We have just received an exclusive clip from the upcoming documentary 11/4/08, which will be released in theaters and on VOD platforms such as iTunes, Amazon VOD, Sony Playstation and CinemaNOW on October 22. Click below to watch a scene from this stirring expose, which explores how the election of President Barack Obama changed the world:
Two weeks before the election of Barack Obama, filmmaker Jeff Deutchman asked his friends from around the world to record their experiences of 11/4/08, a day that became "historic" before it even took place. Deutchman collected footage from that day captured by a combination of both passionate amateurs and acclaimed independent filmmakers, including Henry Joost (Catfish), Margaret Brown (The Order of Myths), Joe Swanberg (Alexander the Last) and Benh Zeitlin (Glory At Sea).
In this vérité documentary, we see the results of that project: in St. Louis and Austin, idealistic volunteers think they can turn their states blue; in Chicago, voter lines are made even longer when Obama shows up to cast his own vote; in Alaska, children seem to be as invested in the election results as their parents; in Paris, an organization discusses whether there could ever be a black President of France; in Dubai, Berlin, Geneva and New Dehli, expatriates express their emotion from a distance; and in Harlem, a felon casts doubt on whether any of this will actually affect his life.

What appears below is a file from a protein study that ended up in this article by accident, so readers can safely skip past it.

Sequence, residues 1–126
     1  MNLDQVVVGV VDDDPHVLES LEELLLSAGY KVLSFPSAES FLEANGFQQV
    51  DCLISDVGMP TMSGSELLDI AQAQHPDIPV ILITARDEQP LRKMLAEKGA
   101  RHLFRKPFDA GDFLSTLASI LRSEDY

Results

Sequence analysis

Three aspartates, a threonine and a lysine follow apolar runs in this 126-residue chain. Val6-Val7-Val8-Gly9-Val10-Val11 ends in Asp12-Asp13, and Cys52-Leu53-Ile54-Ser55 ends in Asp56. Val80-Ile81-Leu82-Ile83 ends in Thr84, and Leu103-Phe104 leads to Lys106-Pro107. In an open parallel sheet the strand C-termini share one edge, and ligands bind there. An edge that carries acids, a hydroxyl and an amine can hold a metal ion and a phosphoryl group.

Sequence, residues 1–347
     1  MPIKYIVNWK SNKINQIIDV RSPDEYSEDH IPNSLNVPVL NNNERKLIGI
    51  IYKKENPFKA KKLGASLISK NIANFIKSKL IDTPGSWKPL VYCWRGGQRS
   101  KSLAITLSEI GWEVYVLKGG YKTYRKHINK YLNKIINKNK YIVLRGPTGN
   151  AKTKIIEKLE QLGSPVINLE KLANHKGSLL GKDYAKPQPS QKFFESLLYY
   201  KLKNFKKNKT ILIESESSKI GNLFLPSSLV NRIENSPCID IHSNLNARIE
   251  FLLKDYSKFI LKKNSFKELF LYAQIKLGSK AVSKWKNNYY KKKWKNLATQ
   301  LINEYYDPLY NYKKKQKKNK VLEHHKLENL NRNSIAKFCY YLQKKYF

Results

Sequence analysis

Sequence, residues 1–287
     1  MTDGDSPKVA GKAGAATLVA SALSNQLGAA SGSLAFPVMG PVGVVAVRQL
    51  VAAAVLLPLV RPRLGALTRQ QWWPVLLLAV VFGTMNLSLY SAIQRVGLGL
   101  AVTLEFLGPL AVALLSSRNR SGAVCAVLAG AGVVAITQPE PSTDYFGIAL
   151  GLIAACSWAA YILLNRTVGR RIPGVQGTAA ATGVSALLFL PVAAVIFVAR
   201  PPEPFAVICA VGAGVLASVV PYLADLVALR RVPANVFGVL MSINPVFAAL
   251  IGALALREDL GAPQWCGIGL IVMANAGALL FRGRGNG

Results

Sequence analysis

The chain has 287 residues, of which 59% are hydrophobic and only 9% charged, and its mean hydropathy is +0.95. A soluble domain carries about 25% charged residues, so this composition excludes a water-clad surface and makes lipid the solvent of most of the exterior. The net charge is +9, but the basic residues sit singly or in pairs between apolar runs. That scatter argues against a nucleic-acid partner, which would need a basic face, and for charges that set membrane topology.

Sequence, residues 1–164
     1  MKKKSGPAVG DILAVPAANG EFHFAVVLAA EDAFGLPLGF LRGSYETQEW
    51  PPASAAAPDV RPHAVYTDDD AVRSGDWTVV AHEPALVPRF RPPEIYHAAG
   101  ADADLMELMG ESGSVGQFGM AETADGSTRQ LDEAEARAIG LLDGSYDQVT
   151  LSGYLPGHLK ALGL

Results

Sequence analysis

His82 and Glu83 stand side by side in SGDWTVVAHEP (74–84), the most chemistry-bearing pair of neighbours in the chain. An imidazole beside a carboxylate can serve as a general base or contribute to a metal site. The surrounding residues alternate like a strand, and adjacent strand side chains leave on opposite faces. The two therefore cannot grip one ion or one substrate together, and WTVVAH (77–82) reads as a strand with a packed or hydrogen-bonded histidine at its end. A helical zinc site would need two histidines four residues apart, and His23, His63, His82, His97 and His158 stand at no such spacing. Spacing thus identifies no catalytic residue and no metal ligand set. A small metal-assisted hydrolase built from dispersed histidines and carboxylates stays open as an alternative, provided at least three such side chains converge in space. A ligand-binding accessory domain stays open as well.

As we approach the final announcement of Obama's victory at 11pm EST, what emerges is a portrait of how people choose to live through "history:" the celebration of a new future remaining entangled with the universally visible tensions of the past.
What's interesting is to view 11/4/08 now, almost two years later and with another important election day fast approaching. Obama recently tweeted:
"On November 2, I need you as fired up as you were in 2008."
"If everyone who fought so hard for change in 2008 shows up to vote in 2010, I am absolutely confident that we will win."
This is a film that forces the viewer to reflect upon the change (for better or for worse) between now and then, which makes for what is sure to be an engaging juxtaposition of one's personal political outlook.